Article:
Winemakers look for profit in pouches
PERSUADING consumers to drink anything other than bottled wine is an uphill climb. Glass bottles are the gold standard, so newer brands are turning to sleek, eco-friendly containers and promoting them through social media to reach younger wine drinkers.
Those in the millennial age group, aged 21 to 34, are the target because they have grown up drinking from plastic and are less wedded to traditional wine rituals. And some 51 per cent of them drink wine at least once a week, according to data from the Wine Market Council.
Already on some shelves is wine in boxes, aluminum cans and in plastic.
Last month, a wine shop began selling wine blends in aluminum containers. Constellation Wines is offering its Black Box brand in mass-market outlets such as Costco.
As the industry broadens its offerings, some of the innovators are not vintners, but packaging experts.
In the spring, Stacked Wines, based in California, introduced individually packaged, stemless plastic cups, which stack vertically and contain chardonnay, merlot and other wines. Matt Zimmer, a mechanical engineer who worked in the bottled water industry for more than six years, came up with Stacked Wines' packaging.
"We see an industry trend to more convenient packaging," said Zimmer, Stacked Wines' chief executive.
Another entrant in the wine business, Eric Steigelman, a graduate of the Rochester Institute of Technology, drew on his background in flexible product packaging to design a pouch for his Bonfire Wines.
"Millennials are interested in convenience and availability, and some areas like soup and baby foods have been moving to pouches," Steigelman said.
The biggest challenge to gaining consumer confidence has been overcoming the perception that wine should come only in a bottle. Wine in other packaging has long been lumped into the undrinkable or barely acceptable category, although some boxed wines are becoming more popular.
Wine drinkers tend to be explorers and frequently decide what to buy while in the shop, unlike buyers of other alcoholic beverages, who settle on their brands in advance, according to a study released this month by Nielsen North America Consumer Group.
New brands emphasise packaging for people who want lightweight, portable and easily consumed wine.
Stacked Wines' consumers simply unseal the package and drink, with no wine glasses or corkscrew required. The four sealed portions, made using the company's trademarked Vinoware, fit atop one another. Each holds the equivalent of a glass of wine, and the four combined equal a 750-millilitre bottle. There is no spoilage because the wine is packaged in individual amounts. The company charges about $US15 for a stack.
For Bonfire Wines, Steigelman chose a pouch — which prevents air from oxidising and spoiling wine — made from federally approved food-grade materials. The pouches are black with a broad stripe of vibrant colour running horizontally, and were designed by Planet Studio, a design and marketing company in Atlanta. Gene Keserica, Planet Studio's creative director, said his team chose fluorescent colours because "we saw that as a way for the packaging to be eye-catching — if you can make someone pause, that gives you a split second to get your message over".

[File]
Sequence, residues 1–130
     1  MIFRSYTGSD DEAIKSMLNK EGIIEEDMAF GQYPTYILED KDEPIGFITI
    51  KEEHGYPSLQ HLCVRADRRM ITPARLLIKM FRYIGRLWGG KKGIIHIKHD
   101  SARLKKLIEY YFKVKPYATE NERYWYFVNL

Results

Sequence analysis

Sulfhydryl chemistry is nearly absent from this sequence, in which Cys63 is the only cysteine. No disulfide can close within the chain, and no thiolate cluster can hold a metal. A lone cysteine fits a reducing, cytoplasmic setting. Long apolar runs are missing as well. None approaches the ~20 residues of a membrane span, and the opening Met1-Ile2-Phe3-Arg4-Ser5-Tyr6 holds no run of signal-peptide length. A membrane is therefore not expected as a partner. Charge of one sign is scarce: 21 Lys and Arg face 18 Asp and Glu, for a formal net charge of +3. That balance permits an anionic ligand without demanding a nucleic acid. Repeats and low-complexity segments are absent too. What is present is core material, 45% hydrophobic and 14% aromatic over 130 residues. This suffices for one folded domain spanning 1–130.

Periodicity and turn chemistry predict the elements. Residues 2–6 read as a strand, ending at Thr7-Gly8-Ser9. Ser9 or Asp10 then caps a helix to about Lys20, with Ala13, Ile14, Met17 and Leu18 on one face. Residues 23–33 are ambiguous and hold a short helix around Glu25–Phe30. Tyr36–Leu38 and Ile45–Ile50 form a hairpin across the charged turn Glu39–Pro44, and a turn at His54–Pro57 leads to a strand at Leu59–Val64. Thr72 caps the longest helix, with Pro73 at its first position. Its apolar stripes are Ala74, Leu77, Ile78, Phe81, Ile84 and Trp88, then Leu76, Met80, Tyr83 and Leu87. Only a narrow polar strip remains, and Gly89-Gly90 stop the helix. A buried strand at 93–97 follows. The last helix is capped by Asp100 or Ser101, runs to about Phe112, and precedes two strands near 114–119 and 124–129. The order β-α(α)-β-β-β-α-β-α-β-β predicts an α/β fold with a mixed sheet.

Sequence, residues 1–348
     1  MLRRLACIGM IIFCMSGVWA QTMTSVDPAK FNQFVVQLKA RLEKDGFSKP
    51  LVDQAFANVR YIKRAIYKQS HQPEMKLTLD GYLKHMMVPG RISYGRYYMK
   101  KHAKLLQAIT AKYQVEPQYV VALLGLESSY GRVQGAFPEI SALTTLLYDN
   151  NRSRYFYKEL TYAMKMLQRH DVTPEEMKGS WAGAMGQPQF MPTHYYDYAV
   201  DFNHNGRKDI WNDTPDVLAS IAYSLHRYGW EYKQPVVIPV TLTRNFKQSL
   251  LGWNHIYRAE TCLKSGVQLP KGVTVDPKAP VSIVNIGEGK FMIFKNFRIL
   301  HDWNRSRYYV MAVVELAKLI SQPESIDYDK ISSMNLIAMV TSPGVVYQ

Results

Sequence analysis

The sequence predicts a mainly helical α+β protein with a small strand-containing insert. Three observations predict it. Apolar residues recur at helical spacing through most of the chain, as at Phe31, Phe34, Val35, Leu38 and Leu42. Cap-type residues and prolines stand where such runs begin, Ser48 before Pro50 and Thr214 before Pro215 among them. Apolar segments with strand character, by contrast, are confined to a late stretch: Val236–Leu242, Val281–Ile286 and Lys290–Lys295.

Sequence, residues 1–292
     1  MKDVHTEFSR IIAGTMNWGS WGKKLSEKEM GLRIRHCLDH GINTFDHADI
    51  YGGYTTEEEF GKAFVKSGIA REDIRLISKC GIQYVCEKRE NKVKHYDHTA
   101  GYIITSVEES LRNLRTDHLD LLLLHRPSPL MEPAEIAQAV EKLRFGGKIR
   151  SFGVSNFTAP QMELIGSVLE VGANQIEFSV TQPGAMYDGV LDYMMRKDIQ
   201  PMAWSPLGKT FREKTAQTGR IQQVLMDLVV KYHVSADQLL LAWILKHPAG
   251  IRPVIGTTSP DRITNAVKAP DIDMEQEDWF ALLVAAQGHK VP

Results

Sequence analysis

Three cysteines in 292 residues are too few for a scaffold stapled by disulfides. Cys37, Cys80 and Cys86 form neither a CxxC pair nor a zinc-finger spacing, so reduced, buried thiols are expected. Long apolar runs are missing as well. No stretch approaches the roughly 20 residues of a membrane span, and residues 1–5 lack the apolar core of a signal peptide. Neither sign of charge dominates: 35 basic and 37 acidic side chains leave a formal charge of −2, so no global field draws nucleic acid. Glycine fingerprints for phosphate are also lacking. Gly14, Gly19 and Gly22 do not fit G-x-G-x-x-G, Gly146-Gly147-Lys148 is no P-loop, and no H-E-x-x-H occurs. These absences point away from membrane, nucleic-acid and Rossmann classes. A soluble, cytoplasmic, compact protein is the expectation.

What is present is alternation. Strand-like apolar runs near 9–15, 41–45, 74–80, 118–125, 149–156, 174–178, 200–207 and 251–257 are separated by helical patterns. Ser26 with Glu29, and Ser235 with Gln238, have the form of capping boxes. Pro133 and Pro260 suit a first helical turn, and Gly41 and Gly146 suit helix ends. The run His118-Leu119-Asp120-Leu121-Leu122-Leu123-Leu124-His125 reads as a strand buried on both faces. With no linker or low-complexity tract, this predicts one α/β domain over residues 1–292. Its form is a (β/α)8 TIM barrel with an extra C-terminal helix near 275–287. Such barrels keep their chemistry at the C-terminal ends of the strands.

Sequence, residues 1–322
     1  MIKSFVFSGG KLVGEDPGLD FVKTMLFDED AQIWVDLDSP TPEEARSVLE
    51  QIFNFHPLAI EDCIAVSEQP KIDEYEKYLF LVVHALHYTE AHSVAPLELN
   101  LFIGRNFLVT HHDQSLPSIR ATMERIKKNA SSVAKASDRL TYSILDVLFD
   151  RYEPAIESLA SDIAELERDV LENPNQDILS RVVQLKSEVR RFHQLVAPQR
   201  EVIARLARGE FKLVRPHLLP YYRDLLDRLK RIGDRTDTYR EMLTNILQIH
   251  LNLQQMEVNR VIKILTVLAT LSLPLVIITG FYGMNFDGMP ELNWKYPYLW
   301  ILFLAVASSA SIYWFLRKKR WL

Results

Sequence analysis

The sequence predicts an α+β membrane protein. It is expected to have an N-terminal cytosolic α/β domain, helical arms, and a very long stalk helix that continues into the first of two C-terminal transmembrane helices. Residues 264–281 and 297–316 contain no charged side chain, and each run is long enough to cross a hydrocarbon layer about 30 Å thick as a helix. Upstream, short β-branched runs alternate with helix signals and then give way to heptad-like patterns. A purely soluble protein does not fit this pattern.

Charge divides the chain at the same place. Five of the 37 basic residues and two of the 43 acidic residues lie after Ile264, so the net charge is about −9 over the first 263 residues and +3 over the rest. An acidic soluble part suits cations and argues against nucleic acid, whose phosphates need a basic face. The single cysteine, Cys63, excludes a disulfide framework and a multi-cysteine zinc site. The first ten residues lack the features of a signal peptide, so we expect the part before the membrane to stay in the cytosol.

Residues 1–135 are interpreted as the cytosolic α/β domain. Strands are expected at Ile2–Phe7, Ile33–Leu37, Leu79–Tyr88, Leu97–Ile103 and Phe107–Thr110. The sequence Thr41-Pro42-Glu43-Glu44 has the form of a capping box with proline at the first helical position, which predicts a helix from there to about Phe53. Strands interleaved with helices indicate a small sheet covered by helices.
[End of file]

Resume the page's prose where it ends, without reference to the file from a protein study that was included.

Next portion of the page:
The label's look "can have significant influence on a purchase", said David Turner, president of Turner Duckworth, a brand identity and packaging design agency in San Francisco and London. "Beverage packaging is not purely functional, but a way of reaching your buyer."
Bonfire Wines is highlighting the portability of its pouch for those who like to share the experience of drinking wine. To enhance interaction, Steigelman added a "quick-response" code to each pouch for mobile phone-carrying buyers to react to what they are drinking and keep in touch with the brand.
The Bonfire wines are produced by Kevin McGuire, a California winemaker, said Steigelman, who has not yet set a price for them.
After tasting Bonfire's Ember sweet red wine blend or its Ignite sweet white wine blend, buyers can register preferences for the next type of wine the company will offer.
Engaging the buyer is important because, with such a profusion of label choices, buyers can be influenced by samples, promotions and advertising, according to a Nielsen study.
Brands such as Stacked and Bonfire - which is not yet on the shelves - have tiny marketing budgets they are focusing on tastings at locations such as local arts and music festivals, and on social media.
After spending more than a year choosing his wine, packaging and design, and obtaining his liquor licence, Steigelman is missing this year's top alcohol sales period and will not sell his pouches until the northern spring. "So few companies manufacture pouches," Steigelman sighed, "and, for now, they are all booked up."